Liver Function Tests (LFTs) (Clinical laboratory exercise)

Liver Function Tests (LFTs) (Clinical laboratory exercise)


LFTs are group of clinical biochemistry laboratory blood assays designed to give information about the state of a patient’s liver. As the liver performs it’s various functions it makes a number of chemicals that pass into the bloodstream and bile. Various liver disorders alter the blood level of these chemicals. Some of these chemicals can be measured in a blood sample. Some tests that are commonly done on a blood sample are called ‘LFTs’ (liver function tests).

Liver Function Tests (LFTs) (Clinical laboratory exercise)

Liver function tests can be classified as:

a. Tests of excretion by the liver.

b. Evaluation of synthesis in liver.

c. Evaluation of enzyme activity.

Liver function tests are most often employed to determine:

i. The presence of liver disease.

ii. The type of liver disease.

iii. The extent and progression of liver disease.

Note: The diagnosis of liver disease depends upon a complete history, complete physical examination, and evaluation of liver function tests and further invasive and noninvasive tests

• Alanine Aminotransferase (ALT) =SGPT:

ALT is the enzyme produced within the cells of the liver. The level of ALT abnormality is increased in conditions where cells of the liver have been inflamed or undergone cell death. As the cells are damaged, the ALT leaks into the bloodstream leading to a rise in the serum levels. Any form of hepatic cell damage can result in an elevation in the ALT. ALT is the most sensitive marker for liver cell damage.
• Clinical applications of ALT assays are confined mainly to evaluation of hepatic disorders.

• Higher elevations are found in hepatocellular disorders than in extrahepatic or intrahepatic obstructive disorders.

• In acute inflammatory conditions of the liver, ALT elevated higher than AST. (More specific than AST).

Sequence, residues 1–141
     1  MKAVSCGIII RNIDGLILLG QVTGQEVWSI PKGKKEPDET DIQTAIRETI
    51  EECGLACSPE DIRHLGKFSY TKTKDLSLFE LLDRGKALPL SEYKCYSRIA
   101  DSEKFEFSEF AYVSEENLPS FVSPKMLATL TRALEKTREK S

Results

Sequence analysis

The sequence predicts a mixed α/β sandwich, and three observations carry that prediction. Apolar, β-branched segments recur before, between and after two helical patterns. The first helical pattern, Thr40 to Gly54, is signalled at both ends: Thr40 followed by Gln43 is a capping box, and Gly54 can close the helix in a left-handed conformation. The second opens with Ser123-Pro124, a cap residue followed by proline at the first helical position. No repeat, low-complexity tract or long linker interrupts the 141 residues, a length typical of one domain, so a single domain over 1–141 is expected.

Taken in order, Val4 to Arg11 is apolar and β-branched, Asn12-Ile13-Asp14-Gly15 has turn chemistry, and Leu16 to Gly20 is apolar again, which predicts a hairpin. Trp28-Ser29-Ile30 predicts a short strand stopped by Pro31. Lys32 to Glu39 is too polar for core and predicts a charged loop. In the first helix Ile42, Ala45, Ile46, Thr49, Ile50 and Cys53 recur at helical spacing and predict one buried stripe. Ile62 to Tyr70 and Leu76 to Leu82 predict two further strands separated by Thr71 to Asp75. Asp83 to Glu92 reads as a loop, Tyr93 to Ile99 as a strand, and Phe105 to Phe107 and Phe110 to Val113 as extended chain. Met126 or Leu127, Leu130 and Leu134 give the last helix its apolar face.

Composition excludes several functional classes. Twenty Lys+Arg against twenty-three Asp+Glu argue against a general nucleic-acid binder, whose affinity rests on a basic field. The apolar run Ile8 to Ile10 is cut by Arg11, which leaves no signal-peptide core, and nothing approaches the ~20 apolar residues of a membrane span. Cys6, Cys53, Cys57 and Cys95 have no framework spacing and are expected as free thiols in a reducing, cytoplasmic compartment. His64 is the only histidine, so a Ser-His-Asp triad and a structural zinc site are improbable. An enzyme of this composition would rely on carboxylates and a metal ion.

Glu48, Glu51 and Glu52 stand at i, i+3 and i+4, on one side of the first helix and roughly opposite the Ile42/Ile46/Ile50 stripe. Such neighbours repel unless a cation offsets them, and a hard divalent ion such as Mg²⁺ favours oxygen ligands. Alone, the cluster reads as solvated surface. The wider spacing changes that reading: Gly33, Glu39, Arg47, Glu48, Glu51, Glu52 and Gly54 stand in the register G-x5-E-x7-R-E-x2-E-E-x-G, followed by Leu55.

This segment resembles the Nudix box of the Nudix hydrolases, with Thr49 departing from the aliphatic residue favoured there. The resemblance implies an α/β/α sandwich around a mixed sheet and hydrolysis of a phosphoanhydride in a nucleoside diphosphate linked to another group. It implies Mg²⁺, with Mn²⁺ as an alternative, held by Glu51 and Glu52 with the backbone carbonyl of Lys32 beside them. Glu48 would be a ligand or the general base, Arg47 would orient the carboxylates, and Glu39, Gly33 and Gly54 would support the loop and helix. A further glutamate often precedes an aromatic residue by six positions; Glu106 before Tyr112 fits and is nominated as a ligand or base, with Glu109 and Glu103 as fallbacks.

• Aspartate Aminotransferase (AST) =SGOTU:
This enzyme also reflects damage to the hepatic cell. It is less specific for liver disease. It may be elevated and other conditions such as a myocardial infarct (heart attack). Although AST is not a specific for liver as the ALT, ratios between ALT and AST are useful to physicians in assessing the etiology of liver enzyme abnormalities.


• Alkaline Phosphatase (ALP):
Alkaline phosphatase is an enzyme, which is associated with the biliary tract. It is not specific to the biliary tract. It is also found in bone and the placenta. If the alkaline phosphatase is elevated, biliary tract damage and inflammation should be considered.

One of the more common methods to assess the etiology of the elevated alkaline phosphatase is to determine whether the GGT is elevated or whether other function tests are abnormal (such as bilirubin). Alkaline phosphatase may be elevated in primary biliary cirrhosis, alcoholic hepatitis

• Gamma Glutamic Transpeptidase (GGT):
This enzyme is also produced by the bile ducts. However, it is not very specific to the liver or bile ducts. It is used often times to confirm that the alkaline phosphatase is of the hepatic etiology. Medications commonly cause GGT to be elevated. Liver toxins such as alcohol can cause increases in the GGT.

Laboratory practices:

– Collect blood and prepare serum in an appropriate tube.

– Measure ALT and AST levels.

– Compare the results to the normal values.

Assay for Enzyme Activity:
• Alanine + α-Ketoglutarate [ALT] =Glutamate + Pyruvate

• Pyruvate + NADH + H [LDH] =Lactate + NAD

• The rate of decrease in concentration of NADH, measured photometrically, is proportional to the catalytic concentration of ALT present in the sample. Reference Range: Normal: 6 – 37 U/L.

Interfering Factors:

• Many drugs may cause falsely increased and decreased ALT levels.

• Therapeutic heparin increases ALT.

Hemolysed blood increases ALT.


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